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I have an audio signal made by PIC microcontroller using 20KHz PWM (It passes through a low-pass filter). It is very clear on an 8ohm speaker. But when I connect the output to the MIC inputs of SIM800 module, It has a very bad quality on a phone call and can not understood at all. I connected audio output directly and through a 100nF ceramic capacitor, but in both cases the audio was very bad. How should I connect audio output to MIC input of SIM800.

schematic

simulate this circuit – Schematic created using CircuitLab
I already have seen that output of ISDxxxx (audio recorder and playback IC) is connected to MICP pin of a SIM900 just through a capacitor in a firewall system and the audio quality was very good.

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  • \$\begingroup\$ What do you mean when you say the quality is good or bad? \$\endgroup\$ – Matt Young Aug 21 '16 at 14:23
  • \$\begingroup\$ Have you calculated the cutoff frequency of you low-pass filter? Remember that your use of a speaker will also change the frequency response characteristics, so that is not a good judge of the audio quality. \$\endgroup\$ – user2943160 Aug 21 '16 at 14:27
  • \$\begingroup\$ PWM outputs are very nasty with the spurious components at the frame rate and its multiples stronger than the desired signal. These could easily wreak havoc with an ADC and so will require a lot more filtering than one of those analog EEPROM chips. But even with a clean output, keep in mind that GSM voice coding is designed for speech, not artificial sounds and can cause problems with things like DTMF tones (so those are typically sent as data to be be synthesized into tones on the far end) \$\endgroup\$ – Chris Stratton Aug 21 '16 at 15:46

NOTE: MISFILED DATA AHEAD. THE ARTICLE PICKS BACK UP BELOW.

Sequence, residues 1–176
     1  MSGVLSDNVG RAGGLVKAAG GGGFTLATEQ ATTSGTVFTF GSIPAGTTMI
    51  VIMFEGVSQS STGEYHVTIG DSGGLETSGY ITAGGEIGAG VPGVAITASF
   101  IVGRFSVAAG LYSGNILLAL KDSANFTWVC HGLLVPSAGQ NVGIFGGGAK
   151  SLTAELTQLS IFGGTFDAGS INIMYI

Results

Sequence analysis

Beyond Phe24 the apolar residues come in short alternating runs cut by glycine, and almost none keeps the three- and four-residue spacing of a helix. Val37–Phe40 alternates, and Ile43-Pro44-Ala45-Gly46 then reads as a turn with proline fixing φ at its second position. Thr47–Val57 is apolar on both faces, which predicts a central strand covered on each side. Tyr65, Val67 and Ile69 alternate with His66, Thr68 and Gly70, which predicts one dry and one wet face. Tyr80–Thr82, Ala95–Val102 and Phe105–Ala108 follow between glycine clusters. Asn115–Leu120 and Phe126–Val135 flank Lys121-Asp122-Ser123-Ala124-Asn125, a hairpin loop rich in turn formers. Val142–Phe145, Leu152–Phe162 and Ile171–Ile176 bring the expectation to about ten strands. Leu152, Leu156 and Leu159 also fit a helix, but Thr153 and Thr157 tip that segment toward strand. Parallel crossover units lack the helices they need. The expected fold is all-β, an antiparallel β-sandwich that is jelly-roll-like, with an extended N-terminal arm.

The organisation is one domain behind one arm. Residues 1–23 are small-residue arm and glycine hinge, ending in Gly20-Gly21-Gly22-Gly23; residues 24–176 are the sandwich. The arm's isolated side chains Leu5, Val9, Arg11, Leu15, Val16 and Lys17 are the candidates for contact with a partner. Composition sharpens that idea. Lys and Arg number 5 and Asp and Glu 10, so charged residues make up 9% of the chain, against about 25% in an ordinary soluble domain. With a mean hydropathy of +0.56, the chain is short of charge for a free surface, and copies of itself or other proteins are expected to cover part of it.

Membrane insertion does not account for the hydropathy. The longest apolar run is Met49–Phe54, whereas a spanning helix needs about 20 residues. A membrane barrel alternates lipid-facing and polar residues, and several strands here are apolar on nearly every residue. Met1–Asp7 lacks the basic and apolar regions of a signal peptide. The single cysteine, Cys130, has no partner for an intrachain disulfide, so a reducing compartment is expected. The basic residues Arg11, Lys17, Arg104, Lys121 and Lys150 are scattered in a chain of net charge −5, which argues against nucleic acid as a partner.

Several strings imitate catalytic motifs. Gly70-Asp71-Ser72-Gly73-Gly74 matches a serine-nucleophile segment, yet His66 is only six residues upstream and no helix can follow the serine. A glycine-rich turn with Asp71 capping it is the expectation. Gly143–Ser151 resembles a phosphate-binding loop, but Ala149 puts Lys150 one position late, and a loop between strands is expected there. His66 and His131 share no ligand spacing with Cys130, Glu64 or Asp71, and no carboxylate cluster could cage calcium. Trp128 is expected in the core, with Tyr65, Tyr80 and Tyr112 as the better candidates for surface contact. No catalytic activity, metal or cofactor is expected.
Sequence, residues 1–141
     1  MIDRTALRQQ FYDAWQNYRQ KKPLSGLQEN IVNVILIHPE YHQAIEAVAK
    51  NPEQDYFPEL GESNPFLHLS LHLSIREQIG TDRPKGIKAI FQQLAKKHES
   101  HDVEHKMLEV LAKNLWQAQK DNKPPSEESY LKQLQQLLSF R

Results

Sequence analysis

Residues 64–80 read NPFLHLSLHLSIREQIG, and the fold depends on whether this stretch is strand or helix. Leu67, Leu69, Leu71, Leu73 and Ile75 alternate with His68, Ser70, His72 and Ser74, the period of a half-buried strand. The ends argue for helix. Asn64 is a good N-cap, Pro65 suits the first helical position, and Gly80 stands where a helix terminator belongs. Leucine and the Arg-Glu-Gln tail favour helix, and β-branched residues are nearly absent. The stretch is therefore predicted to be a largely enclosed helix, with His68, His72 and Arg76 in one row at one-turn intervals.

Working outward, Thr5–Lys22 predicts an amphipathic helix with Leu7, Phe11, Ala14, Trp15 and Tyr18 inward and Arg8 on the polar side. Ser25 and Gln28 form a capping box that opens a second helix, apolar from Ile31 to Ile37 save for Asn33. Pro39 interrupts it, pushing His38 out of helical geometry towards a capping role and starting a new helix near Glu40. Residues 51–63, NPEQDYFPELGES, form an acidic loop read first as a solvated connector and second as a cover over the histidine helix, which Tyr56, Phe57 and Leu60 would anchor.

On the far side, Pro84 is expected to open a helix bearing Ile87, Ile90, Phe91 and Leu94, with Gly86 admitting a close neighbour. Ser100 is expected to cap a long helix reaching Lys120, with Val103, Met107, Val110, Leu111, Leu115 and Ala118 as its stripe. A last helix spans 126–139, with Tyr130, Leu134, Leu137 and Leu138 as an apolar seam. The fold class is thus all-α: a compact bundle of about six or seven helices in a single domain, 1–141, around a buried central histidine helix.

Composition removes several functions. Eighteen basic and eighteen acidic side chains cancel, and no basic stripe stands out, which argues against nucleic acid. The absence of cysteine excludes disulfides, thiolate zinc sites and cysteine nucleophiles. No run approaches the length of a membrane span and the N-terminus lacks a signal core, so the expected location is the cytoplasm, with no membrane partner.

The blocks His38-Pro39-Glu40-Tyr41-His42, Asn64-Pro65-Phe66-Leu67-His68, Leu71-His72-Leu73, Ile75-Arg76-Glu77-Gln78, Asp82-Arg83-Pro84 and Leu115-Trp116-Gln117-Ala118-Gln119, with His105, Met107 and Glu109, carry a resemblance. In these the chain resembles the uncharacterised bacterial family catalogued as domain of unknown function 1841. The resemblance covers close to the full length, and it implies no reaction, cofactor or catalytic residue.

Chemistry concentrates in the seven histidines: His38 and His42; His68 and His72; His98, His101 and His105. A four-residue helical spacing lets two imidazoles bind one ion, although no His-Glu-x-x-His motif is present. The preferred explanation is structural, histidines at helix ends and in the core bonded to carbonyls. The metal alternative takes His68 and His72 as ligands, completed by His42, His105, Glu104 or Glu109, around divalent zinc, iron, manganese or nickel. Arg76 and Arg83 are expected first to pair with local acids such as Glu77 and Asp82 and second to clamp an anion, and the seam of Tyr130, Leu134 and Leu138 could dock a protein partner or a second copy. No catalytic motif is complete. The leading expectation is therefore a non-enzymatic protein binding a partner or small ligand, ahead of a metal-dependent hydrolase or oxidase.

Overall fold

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The SIM800 has a microphone input. The signal you are getting from the microcontroller will be at too high a level for that input.

The SIM800 expects an electret microphone, so maybe 100mV signal level.

You need to lower the output level from the PIC-PWM.

The following circuit provides a lower cutoff (3KHz instead of the 4.8kHz from your circuit) and about 20dB of attenuation.

Change the attenuation by changing R3. A higher value gives less attenuation (louder signal) while a smaller value gives more attenuation (less loud.)

Your original circuit has its cut off too high, and provides a much too strong signal for the input of the SIM800.

The values for R2 and R3 are approximations. You may need to lower R2 and increase R3.

If the volume on the receive side is too low, then you need to increase R3. If it is too loud (and/or distorted) then you need to make R3 smaller.

If you make R2 too small, it will begin to change the cutoff of the filter. Try to keep it as high above R1 as possible.

schematic

simulate this circuit – Schematic created using CircuitLab

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